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A nation must think before it acts.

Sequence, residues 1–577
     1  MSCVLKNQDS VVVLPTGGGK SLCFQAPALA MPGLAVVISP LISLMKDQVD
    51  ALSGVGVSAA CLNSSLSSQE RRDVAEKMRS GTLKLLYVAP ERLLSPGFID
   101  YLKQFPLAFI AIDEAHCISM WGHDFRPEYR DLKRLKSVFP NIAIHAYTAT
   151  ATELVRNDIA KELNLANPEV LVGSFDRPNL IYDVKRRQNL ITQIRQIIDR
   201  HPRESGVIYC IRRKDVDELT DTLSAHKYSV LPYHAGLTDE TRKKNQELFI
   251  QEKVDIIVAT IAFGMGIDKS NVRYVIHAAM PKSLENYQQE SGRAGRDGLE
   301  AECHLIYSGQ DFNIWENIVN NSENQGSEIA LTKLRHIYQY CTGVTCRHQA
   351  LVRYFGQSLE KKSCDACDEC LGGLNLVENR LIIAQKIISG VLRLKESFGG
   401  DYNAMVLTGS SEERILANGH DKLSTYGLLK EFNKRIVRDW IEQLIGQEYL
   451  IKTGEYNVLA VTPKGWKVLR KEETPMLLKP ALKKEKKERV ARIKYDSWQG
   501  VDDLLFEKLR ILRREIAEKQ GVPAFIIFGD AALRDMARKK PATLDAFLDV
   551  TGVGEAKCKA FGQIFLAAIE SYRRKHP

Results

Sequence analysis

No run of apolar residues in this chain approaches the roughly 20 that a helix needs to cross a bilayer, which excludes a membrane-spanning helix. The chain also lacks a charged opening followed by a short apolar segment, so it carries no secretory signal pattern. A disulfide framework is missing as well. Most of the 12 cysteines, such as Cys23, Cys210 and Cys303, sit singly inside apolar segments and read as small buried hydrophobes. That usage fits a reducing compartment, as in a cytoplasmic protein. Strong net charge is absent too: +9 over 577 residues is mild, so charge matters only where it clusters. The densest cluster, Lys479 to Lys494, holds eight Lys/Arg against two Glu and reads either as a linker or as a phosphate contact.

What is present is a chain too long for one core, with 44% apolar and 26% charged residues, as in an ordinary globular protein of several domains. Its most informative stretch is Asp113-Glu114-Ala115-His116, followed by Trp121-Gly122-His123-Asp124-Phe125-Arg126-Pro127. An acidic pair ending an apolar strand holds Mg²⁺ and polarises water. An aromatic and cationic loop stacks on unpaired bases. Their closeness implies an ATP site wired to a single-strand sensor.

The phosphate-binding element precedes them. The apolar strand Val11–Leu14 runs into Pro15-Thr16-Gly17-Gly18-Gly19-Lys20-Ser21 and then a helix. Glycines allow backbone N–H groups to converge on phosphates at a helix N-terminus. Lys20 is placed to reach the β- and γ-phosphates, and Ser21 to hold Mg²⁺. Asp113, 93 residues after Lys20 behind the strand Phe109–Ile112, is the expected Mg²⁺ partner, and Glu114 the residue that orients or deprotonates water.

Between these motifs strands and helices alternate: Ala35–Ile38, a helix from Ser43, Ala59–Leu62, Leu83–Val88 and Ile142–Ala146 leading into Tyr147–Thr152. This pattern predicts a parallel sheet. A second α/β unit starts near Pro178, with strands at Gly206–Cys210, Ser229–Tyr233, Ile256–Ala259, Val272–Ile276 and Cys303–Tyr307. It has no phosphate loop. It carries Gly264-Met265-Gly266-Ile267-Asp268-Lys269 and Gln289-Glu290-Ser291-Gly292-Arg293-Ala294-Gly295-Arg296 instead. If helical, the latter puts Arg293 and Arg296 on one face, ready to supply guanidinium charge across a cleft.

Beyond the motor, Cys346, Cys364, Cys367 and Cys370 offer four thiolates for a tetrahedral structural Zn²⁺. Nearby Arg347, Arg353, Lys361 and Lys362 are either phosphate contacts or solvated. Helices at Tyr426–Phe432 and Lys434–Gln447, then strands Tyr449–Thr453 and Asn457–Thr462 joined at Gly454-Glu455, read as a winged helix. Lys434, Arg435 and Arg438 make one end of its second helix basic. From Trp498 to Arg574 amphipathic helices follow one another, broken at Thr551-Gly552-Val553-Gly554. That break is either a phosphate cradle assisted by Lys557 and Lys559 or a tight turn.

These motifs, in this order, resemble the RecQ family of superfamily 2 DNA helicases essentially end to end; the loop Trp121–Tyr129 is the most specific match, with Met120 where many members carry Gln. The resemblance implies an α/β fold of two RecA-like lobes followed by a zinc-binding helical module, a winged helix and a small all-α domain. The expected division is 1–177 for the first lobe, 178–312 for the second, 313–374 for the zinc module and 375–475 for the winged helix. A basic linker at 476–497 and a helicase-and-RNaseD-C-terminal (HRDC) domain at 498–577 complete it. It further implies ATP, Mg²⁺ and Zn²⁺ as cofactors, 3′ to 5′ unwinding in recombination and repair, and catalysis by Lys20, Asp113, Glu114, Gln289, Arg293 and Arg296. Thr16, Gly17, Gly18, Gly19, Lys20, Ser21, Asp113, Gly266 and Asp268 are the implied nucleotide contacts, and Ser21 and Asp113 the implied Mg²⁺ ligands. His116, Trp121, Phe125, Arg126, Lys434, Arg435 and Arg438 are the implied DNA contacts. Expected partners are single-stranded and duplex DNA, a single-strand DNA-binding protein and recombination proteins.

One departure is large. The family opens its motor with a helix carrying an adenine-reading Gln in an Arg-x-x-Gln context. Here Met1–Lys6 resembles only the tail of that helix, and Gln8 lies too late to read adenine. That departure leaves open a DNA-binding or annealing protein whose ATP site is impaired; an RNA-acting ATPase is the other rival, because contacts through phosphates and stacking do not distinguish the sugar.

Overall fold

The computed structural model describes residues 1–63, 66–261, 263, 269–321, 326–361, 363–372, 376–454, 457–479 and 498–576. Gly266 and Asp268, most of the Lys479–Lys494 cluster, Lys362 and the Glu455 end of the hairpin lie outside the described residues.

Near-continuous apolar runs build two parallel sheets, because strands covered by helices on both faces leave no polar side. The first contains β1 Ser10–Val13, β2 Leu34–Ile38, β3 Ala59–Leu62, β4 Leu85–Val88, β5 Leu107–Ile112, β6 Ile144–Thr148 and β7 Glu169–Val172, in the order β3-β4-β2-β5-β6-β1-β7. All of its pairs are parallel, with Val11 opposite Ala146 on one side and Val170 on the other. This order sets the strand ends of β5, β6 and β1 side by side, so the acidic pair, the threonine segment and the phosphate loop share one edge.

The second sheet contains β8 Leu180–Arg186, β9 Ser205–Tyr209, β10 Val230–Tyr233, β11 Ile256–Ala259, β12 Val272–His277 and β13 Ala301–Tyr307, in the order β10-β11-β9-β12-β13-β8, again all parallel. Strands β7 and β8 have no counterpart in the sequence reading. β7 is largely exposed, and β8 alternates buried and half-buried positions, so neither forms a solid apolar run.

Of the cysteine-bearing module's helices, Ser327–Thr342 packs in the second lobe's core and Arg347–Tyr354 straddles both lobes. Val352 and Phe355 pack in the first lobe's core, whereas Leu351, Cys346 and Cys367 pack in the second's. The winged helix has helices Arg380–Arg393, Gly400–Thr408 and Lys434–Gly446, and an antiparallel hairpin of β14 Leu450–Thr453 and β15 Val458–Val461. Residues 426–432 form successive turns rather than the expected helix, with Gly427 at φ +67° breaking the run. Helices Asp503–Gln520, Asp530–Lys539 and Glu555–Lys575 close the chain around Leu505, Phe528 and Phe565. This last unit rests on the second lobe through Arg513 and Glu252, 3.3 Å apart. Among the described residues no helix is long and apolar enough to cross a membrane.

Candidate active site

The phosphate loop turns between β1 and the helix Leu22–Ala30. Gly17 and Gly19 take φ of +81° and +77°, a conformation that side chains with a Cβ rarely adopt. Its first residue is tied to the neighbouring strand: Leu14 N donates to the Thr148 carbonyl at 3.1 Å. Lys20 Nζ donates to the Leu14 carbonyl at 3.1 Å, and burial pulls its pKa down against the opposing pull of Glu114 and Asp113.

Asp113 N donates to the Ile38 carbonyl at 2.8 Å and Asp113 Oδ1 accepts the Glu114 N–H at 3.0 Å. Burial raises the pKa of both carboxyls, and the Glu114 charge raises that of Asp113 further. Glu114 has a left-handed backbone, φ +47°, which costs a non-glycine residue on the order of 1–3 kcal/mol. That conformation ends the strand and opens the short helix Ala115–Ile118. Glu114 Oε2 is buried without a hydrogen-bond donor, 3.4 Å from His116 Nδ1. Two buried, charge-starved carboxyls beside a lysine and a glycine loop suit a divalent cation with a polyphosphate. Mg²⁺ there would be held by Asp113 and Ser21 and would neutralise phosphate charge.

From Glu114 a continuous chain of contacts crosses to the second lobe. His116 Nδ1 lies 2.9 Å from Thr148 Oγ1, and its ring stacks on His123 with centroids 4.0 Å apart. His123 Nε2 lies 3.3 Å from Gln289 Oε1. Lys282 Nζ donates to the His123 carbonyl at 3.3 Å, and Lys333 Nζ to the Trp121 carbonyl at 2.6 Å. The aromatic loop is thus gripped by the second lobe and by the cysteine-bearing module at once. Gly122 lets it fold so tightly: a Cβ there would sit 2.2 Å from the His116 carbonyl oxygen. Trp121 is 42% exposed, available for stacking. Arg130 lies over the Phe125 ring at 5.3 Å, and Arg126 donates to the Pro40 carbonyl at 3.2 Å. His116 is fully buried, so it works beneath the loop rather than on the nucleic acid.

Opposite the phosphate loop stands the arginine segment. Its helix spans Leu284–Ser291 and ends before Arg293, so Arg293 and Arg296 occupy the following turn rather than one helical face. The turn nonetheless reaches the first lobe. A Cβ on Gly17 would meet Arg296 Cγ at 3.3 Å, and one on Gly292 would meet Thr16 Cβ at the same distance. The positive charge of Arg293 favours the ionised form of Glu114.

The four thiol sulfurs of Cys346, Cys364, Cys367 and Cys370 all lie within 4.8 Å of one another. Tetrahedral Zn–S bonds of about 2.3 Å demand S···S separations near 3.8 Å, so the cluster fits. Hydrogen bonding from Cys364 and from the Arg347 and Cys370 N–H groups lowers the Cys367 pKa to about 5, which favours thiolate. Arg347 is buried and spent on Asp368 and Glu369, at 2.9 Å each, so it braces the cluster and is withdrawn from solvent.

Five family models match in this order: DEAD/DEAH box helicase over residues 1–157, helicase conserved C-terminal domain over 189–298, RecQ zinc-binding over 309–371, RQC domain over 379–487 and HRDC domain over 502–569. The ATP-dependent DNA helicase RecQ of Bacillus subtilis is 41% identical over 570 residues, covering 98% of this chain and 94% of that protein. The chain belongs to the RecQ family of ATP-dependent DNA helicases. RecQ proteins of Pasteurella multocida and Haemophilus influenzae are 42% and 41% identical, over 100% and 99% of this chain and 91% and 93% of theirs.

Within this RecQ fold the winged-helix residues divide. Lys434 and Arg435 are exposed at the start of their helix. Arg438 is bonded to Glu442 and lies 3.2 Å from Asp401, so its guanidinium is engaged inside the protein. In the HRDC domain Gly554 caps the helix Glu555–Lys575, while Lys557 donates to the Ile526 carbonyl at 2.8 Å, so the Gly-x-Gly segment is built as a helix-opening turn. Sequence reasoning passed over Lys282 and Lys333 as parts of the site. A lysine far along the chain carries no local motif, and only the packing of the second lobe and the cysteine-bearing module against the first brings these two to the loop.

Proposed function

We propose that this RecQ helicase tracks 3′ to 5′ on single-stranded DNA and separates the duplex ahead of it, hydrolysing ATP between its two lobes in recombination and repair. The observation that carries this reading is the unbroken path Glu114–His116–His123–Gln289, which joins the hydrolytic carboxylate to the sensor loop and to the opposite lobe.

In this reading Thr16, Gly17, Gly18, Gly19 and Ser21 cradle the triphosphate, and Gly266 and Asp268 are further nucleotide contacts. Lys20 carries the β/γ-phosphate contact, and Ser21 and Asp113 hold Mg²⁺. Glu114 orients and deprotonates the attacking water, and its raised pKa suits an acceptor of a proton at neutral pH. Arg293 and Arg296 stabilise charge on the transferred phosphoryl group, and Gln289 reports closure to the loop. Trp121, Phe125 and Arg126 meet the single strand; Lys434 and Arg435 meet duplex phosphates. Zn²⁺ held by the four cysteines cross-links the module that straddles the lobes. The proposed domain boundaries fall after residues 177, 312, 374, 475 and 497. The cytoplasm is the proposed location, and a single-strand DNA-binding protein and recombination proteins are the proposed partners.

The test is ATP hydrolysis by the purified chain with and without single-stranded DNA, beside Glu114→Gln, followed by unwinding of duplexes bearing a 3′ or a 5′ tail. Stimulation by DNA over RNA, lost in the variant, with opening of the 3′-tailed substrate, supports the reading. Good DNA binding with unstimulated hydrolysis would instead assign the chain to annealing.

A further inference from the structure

Many of the new democracies that have been formed since the fall of the Soviet Union in 1991 lack what had long been understood as preconditions for the democratic project: an earlier history of democratic politics, high personal incomes, a large middle class, and/or settled borders. The most distinctive aspects of this wave of democratic transitions are rapid regime change and the rise of democracies that exhibit a mixture of both authoritarian and democratic elements. This article explores what these new democracies can teach us about the factors that seem to encourage a transition from dictatorship to democracy, and what factors seem to contribute to its sustainability and institutionalization.